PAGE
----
Stir-Fried Chicken and Vegetables

Celebrity chef Robin Miller helps us whip up delicious Chinese grub in less time than it takes to call for takeout

Stir fried chicken and vegetables

Makes: 4 Servings

1 tbsp peanut oil
2 cloves garlic, minced
1 tbsp minced fresh ginger
1 1/2 lbs boneless, skinless chicken breasts, cut into strips
1 medium onion, diced
2 cups sliced carrots
1 red bell pepper, seeded and sliced into thin strips
2 cups sugar snap peas
1 (15 oz) can baby corn
2 cups broccoli florets
1/4 cup reduced-sodium soy sauce
2 tsp cornstarch
1 cup reduced-sodium chicken broth

Robin’s tip: Instead of plain rice, try serving your stir-fry over this easy-to-make-and more nutritious-alternative.

Nutty Basmati Rice With Almonds
1/2 cup slivered almonds
2 cups reduced-sodium chicken broth
1 cup basmati rice
1/2 tsp salt
1/4 tsp freshly ground black pepper

Toast almonds in a saucepan over medium heat until light brown. Shake the pan frequently to prevent burning. Add remaining ingredients, bring to a boil, reduce heat to low, cover, and simmer for 20 minutes or until liquid is absorbed. Fluff with a fork before serving.

To make the stir-fry:
[1] Heat oil in a wok or large skillet over medium-high heat.

[2] Add garlic and ginger; cook 1 minute.

[3] Add chicken; cook 3 to 4 minutes or until starting to brown, stirring constantly.

[4] Add onions, carrots, and peppers; cook 1 minute.

[5] Add snap peas, corn, and broccoli; cook 2 minutes.

[6] Add soy sauce; cook 2 minutes or until vegetables are just tender.

[7] In a small bowl, stir cornstarch in chicken broth until dissolved and add to wok. [8] Simmer 2 minutes or until sauce thickens. Serve over rice.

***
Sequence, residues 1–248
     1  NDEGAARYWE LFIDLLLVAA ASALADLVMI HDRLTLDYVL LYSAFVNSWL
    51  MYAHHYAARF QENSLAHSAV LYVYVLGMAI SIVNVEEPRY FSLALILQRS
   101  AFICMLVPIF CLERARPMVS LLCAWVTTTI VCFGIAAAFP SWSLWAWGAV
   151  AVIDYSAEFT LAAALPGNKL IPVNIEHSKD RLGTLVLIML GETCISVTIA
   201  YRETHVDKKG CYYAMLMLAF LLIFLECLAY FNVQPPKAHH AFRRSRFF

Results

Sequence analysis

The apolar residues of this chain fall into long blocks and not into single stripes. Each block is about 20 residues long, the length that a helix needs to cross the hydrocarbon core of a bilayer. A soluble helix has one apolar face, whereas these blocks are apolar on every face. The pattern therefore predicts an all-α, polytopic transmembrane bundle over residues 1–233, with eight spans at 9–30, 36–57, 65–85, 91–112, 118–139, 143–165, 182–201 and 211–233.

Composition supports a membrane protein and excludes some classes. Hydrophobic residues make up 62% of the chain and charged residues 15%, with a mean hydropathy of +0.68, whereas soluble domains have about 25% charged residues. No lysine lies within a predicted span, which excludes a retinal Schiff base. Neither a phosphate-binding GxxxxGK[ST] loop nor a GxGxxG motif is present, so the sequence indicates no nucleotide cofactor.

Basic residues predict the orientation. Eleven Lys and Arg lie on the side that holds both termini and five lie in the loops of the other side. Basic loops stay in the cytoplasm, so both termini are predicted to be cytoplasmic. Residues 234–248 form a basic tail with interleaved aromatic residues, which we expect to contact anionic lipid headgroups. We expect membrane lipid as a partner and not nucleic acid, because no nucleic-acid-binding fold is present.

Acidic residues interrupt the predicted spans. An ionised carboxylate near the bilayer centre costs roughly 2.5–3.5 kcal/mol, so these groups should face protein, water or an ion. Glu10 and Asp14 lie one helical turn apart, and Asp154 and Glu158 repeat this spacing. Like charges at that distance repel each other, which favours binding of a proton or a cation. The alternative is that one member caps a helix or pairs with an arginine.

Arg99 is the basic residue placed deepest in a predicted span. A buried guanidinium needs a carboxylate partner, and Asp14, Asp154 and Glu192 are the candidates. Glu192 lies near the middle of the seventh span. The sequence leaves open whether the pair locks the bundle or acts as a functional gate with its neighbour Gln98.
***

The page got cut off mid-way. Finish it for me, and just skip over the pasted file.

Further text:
Per serving:
473 calories, 48 g protein,
54 g carbs, 10 g fiber, 10 g fat

Stir-Fry Tips:
[A] For authentic Chinese stir-fry taste, you’ve got to coat your wok with peanut oil. Besides adding flavor to your dish, the potent oil is loaded with a compound called beta-sitosterol, which has been shown in studies to help promote good prostate health.

[B] Even a few spears of broccoli can be good for your belly. The veggie is rich in vitamin C and phytonutrients that quash most stomach ulcers, reducing your risk of stomach cancer. If you can’t stand the stuff, try baby broccoli, which is less bitter and a lot more tender.

[C] A single half breast of chicken contains more than 27 grams of protein. In addition to packing all that muscle fuel, chicken is loaded with Niacin, a B vitamin your body needs for healthy skin, normal digestion, and peak brain function.

[D] Vitamin E-rich almonds and peanut oil can help you stay sane. According to a study published in the Journal of the American Medical Association, guys who get the most vitamin e from foods in their diet keep their marbles for longer than guys who don’t.

[E] Although white or brown rice is a fine option, this dish tastes best over basmati rice, a long-grain white rice that has a nutty flavor and is a great source of the complex carbs needed during a long workout. Look for it in large grocery stores or specialty-food markets.

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